NTC seeks more information to bolster fatigue data

National Transport Commission says robust fatigue laws will depend on gathering significant data from the industry

NTC seeks more information to bolster fatigue data
National Transport Commission CEO Paul Retter.


The National Transport Commission (NTC) is looking to develop its knowledge of fatigue issues in the Australian heavy vehicle industry, and is calling for public submissions on ways to collect new data.

The commission released a discussion paper on Friday, and is hoping to build a comprehensive framework for fatigue data.

NTC CEO Paul Retter says the paper aims to gather as much evidence as possible, before the commission considers any changes to existing fatigue management laws.

"This project won’t be proposing changes to Australia’s fatigue laws, but it will ensure that we have consistent and more accurate data about how fatigue affects drivers and the safety of our nation’s roads," he says.

"We know that drowsy drivers are more likely to crash. Finding the best option to prevent these crashes relies on us developing a framework that may be used to inform changes to policy settings and amendments to fatigue laws."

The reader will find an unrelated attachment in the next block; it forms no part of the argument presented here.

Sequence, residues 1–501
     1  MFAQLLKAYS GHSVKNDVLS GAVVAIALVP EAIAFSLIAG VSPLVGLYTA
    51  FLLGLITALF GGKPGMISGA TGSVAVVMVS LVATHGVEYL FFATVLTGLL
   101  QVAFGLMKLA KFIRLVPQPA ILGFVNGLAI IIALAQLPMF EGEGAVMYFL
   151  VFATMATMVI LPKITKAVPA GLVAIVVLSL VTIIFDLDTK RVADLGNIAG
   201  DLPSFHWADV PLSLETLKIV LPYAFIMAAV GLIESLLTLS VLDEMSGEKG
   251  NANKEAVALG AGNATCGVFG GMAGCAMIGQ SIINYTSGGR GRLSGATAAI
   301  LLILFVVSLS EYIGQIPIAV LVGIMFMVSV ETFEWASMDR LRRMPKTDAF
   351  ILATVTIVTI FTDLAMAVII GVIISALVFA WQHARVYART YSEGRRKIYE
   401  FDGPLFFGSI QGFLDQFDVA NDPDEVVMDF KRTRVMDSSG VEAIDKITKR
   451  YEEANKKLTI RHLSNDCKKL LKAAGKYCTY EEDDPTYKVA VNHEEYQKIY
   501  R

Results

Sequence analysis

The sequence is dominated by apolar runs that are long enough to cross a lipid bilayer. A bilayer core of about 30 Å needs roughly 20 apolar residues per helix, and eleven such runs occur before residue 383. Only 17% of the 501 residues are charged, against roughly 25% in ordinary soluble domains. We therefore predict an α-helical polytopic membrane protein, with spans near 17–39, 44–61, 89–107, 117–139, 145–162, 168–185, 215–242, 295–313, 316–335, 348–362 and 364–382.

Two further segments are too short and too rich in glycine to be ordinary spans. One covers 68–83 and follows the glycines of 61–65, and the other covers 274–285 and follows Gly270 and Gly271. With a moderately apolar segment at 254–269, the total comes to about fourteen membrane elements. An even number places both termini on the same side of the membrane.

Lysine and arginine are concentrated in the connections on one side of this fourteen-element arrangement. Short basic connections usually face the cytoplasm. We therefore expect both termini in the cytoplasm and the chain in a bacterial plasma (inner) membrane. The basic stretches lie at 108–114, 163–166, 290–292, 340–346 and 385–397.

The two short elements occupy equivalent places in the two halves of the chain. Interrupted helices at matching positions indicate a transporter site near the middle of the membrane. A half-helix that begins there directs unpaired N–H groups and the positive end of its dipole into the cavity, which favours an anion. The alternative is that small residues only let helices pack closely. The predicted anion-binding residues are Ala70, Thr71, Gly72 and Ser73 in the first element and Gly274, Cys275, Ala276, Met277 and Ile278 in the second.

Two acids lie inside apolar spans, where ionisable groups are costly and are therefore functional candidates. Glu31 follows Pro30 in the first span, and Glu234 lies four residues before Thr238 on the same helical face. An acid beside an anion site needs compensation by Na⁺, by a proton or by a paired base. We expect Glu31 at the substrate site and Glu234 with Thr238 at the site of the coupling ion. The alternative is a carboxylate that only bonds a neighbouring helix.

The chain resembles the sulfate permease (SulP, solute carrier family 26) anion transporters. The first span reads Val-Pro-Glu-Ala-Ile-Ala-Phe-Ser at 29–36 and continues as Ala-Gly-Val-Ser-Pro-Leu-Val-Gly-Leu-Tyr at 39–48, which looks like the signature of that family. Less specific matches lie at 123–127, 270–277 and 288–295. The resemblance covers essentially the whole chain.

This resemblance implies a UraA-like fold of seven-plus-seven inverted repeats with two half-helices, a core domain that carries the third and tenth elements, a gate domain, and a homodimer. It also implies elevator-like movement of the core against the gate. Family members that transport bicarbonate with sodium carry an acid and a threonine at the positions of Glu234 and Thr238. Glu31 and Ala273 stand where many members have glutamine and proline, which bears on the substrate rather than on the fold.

The current heavy vehicle national law has provisions for work and rest hour rules, as well as an overarching prohibition on driving while impaired by fatigue. But Retter says these are often subjective.

"At the moment there is no simple test for driver alertness like there is for alcohol or speed, because fatigue levels are relatively difficult to establish and measure," he says.

"The challenge is to collect enough robust evidence about what fatigue level should be considered safe."

Submissions based on the discussion paper will be accepted up until October 16.

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